Five favourite markets around the world
Every market tells a story – of a culture, a craft and a tradition and it is this story that gets sold in the form of souvenirs in tiny little lanes and stalls. There is so much of energy, life and colour in every market and each one of them is unique. Historic and intrinsic to a country’s culture, we visit five different markets from around the world.
Taling Chan Floating Market in Bangkok
In a city which is flocked by shoppers, where bargains are a way of life, there is no dearth for markets. But my favourite is the Taling Chan Floating Market which offers a glimpse into the flavours of traditional Thailand and Thai cuisine. I take a ferry across the Chao Phraya river and float through the canals of Bangkok to reach the Floating Market.
Sitting in long wooden boats, the locals here are cooking or grilling a meal or selling fresh produce or serving a speciality from sweets to rice to meat to snakes to fish to greens. Tourists and locals flock around a montage of barges on the canals, as ditties float in the air. It is open only on weekends and can be accessed by road as well.
Istanbul’s Grand Bazaar
Losing oneself in the labyrinthine network of lanes and shops in Istanbul’s Grand Bazaar is extremely easy. With over 60 covered streets teeming with 3000 shops, this is where James Bond stormed across in his bike in his latest block buster Skyfall. The 600 year old bazaar called Kapalicarsi in Turkish meaning covered market has been an important trading centre since the 15th century. Even today it oozes an old fashioned charm about it. Feeling a little refreshed after a cup of hot apple tea, I walk around the little lanes where thousands of vendors sell anything and everything from ceramics to carpets, glass to lamps to rugs to jewellery. Besides the Grand Bazaar, a visit to the Egyptian Spice Bazaar is also recommended.
Say it with flowers in Amsterdam. With beautiful blue skies above my head, I take a boat across the canals and ferry towards the only floating flower market in the world. The 19th century Bloemenmarkt is an assault on the senses. Tulips are not just the flavour of the season here.
Colourful and fragrant, I am dazzled by the sheer variety of the flowers sold in the little shops floating on boats in the Singel located in the southern canals of Amsterdam. Besides florists, one finds seeds, herbs, decorations for the gardens and even souvenirs.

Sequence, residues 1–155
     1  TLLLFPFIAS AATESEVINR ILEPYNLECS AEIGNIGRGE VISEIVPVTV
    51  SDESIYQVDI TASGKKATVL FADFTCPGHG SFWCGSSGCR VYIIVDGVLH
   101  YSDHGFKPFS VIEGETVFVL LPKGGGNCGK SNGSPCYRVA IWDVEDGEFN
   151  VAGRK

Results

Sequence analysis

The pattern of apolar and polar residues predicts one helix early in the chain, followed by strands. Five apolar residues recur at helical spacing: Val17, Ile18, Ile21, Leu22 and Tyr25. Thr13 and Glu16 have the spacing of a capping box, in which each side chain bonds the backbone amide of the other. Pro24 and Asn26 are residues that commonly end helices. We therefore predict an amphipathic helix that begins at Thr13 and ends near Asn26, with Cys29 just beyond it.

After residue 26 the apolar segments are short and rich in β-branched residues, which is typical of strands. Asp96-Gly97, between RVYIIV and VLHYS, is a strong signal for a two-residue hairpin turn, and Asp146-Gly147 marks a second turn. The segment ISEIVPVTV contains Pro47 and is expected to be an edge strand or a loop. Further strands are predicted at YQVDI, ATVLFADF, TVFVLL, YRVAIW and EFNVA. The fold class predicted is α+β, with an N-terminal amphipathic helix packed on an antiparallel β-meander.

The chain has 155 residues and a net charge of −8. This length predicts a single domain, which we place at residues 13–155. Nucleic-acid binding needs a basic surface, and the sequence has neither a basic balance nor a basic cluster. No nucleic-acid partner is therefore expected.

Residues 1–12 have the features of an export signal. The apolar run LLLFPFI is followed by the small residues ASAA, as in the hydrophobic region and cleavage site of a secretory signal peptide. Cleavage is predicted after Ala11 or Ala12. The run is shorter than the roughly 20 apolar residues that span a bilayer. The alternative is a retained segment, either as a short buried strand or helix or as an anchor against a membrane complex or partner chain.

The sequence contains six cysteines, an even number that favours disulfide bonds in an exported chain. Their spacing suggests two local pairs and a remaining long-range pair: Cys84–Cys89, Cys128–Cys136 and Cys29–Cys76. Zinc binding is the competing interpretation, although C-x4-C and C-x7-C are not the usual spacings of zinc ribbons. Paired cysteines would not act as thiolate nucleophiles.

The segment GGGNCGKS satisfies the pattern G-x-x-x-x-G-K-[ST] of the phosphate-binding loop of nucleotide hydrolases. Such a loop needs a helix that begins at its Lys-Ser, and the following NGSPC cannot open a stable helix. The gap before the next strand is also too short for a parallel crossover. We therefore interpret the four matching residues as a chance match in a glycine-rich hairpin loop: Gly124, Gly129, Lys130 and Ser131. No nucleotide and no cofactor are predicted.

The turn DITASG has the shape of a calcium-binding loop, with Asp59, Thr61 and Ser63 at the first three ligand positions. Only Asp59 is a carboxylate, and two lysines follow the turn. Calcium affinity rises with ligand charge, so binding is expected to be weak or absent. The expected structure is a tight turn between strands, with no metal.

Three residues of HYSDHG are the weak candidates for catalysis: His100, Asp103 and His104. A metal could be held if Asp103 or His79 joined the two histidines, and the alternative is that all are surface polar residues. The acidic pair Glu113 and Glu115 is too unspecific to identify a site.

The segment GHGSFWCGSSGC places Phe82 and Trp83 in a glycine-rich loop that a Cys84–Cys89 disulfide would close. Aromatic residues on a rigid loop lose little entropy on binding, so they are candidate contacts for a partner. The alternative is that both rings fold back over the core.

Karaikudi’s Antique Market
In a tiny little town called Karaikudi, in Tamilnadu is a tinier lane that lies behind the Muneeshwara temple. Walking along the lane, I stumble upon the treasures of the Chettinadu community that have been handed down from generation to generation in an antique market. The large sprawling mansions were built with materials from every part of the world – be it Italian marbles or Japanese tiles or Belgian glass.
The Chettiyars may have left Chettinadu but several antiques that once filled their homes are found in a handful of shops here. From lamps to vessels, glass to mirrors, paintings to artefacts, lampshades to carvings on teak, one finds an eclectic display of antiques . I find old Tanjore paintings, porcelain dolls, silverware, kitchen utensils in Burmese lacquer to old teak furniture here. Eventually I pick up a bronze lamp before leaving the market.
Bazaars of Pushkar
If there is a state in India that is synonymous with colour, then it is Rajasthan . From Jaipur to Jaisalmer, every market in Rajasthan is rich with vivid hues. My favourite however is the lively bazaar of Pushkar. I visit Pushkar just before the cattle fair assuming it to be quiet but I am in for a surprise. The market is throbbing with life
Kitschy and traditional, there is an eclectic array of goods on sale. I first encounter a series of book stores. And then there are the usual souvenirs – from turbans to bangles to puppets to jewellery. But it is the delicious sweets that draw my attention. Rich and creamy rabdi malpua is made here specially every evening and distributed across the entire town. Rows of bottles selling rose pulp and syrup and gulkhand, which are the local products are sold here as well. Pushkar is an appetising experience .
This article was published in The Hindu. These are my favourite markets..Would love to hear from you on the markets that you like.